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In addition to being a shearing contracting business co-owner, she is the New Zealand Shearing Contractors Association's (NZSCA) new vice-president.
Mrs Clegg was elected to the position at the association's annual meeting in Christchurch on May 15.
She and husband Andrew established Te Anau Shearing Ltd 29 years ago and she has been on the association's executive for the past seven years.
Originally from a banking background in Te Anau, she met Mr Clegg when he worked as a shearer.
''I was 23 and he was 26 when we started the business,'' she said.
''We were probably in our second year when we heard about the association and we joined.''
She said she enjoyed being on the executive, which comprised all volunteers.
''I did kind of know I was going to be nominated, but it was still a nice surprise when I heard my name.
''Andrew was excited when I first joined the executive, as he said I couldn't then go shopping during the boring bits in the conference.
''Things have now changed and there are no boring bits.''
Her portfolios include immigration, health and wellness, and she is the committee's liaison with Work and Income, Immigration New Zealand and the Employers and Manufacturers Association.
She is also on the Tahi Ngatahi industry health and safety programme project team.
''The executive committee is a fantastic group and it has been a lot of fun. We are all supportive of each other and we all have our strengths.
''We do it for the love of the industry and for the industry's future and betterment of the membership.''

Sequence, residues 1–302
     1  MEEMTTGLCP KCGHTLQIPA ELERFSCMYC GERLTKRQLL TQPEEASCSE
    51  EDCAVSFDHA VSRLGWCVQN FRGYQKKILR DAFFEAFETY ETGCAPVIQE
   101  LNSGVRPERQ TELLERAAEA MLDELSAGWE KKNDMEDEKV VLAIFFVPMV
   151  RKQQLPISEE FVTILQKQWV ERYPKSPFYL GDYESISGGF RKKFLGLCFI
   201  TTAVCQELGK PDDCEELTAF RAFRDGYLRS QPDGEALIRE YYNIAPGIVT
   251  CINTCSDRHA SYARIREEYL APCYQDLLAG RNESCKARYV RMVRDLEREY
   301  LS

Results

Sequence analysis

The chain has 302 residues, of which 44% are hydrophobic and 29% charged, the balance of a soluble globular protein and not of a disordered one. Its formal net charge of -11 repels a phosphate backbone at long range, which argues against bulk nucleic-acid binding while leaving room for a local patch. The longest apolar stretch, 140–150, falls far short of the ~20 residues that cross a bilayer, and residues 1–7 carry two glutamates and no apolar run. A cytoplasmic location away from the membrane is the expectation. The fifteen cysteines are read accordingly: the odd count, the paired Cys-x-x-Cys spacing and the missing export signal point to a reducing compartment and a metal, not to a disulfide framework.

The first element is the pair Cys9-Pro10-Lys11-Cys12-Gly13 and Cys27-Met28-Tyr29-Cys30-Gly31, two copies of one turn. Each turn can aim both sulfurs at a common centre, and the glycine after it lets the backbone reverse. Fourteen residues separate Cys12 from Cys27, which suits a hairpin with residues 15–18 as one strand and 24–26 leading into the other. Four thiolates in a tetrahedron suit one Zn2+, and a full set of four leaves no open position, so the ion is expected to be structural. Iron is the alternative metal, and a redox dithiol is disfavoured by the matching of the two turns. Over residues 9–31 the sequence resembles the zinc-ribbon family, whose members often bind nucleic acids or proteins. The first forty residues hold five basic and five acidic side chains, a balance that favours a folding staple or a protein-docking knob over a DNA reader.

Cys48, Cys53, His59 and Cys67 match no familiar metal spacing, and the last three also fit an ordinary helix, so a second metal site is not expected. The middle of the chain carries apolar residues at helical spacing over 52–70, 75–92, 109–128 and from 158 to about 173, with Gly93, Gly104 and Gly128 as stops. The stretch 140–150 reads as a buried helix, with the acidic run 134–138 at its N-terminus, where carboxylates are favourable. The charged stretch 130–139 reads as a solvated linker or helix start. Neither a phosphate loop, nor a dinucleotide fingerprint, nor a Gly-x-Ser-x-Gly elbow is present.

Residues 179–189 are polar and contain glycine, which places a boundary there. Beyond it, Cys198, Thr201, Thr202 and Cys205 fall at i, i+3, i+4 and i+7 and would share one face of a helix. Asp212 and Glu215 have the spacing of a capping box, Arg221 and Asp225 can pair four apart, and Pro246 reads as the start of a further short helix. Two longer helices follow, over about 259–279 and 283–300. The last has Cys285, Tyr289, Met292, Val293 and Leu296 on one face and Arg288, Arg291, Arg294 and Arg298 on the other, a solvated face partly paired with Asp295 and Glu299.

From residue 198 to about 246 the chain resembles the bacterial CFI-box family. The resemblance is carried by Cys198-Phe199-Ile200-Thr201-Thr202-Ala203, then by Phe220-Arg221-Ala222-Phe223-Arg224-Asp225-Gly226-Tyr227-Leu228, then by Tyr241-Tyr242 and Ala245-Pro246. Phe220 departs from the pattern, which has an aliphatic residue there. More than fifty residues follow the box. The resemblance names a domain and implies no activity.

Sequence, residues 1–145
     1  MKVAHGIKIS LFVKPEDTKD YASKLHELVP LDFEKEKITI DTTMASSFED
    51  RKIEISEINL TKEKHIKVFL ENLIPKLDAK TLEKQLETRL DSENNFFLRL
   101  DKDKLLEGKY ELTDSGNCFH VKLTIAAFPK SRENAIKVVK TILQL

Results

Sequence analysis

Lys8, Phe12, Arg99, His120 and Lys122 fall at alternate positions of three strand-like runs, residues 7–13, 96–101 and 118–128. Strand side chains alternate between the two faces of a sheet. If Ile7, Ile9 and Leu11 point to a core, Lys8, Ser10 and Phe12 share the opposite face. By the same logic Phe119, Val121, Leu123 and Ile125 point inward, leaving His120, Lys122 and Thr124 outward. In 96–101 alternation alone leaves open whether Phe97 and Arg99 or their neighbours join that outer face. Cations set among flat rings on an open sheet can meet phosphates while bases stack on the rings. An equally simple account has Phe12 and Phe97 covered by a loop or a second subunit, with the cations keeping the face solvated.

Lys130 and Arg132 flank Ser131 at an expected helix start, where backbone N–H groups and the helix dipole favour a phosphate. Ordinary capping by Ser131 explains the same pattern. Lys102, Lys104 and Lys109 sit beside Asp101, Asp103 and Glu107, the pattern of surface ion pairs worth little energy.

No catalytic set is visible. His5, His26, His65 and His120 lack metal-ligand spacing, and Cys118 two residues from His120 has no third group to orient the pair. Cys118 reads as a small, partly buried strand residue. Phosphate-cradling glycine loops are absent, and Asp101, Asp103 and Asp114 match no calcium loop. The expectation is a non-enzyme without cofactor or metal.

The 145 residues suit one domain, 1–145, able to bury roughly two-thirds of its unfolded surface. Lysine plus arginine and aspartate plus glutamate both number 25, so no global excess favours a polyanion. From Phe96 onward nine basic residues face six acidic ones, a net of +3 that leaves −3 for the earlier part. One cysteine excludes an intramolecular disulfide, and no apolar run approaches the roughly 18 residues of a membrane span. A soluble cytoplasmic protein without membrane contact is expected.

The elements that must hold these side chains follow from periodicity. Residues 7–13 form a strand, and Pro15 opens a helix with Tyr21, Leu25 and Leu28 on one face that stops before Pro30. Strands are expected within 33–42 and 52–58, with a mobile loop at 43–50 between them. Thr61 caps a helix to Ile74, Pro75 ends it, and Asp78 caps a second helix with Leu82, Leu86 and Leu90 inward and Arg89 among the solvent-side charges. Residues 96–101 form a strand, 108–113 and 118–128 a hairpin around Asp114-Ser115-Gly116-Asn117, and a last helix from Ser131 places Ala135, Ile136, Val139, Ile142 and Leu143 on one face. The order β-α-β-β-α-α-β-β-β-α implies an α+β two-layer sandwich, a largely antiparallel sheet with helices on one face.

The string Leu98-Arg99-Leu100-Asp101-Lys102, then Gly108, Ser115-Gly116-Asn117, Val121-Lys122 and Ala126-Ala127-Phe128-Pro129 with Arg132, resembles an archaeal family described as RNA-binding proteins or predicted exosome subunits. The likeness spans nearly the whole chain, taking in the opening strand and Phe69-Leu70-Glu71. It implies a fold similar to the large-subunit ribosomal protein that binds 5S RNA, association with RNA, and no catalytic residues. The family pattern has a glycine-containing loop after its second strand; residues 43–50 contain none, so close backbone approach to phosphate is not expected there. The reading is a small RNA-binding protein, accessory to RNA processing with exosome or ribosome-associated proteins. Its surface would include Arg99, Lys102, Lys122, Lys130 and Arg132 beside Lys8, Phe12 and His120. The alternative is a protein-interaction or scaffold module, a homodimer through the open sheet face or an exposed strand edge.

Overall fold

She and her husband found the information and resources supplied by the association useful, and the networking with more experienced contractors worthwhile.
She said wool was a wonderful resource that was not promoted enough, as it had so many benefits.
''The shearing industry is very similar to other agriculture industries, as we all need overseas staff for short times and the Government doesn't understand that very well.''
Another issue was outsiders' negative perception of shearing, which was a far cry from the truth.
''The shearing industry has changed and it is more professional, but some people are not seeing that.''
She was keen to encourage farmers to improve workers' conditions in shearing sheds.
''That includes the provision of hot and cold running water and flush toilets in sheds.''
Another key issue in the industry was encouraging young people to view it as a career option.
''I believe the shearing industry is a trade, just like a plumber or a builder.
''It is well paid, they get paid to travel overseas and there is no student loan when learning.''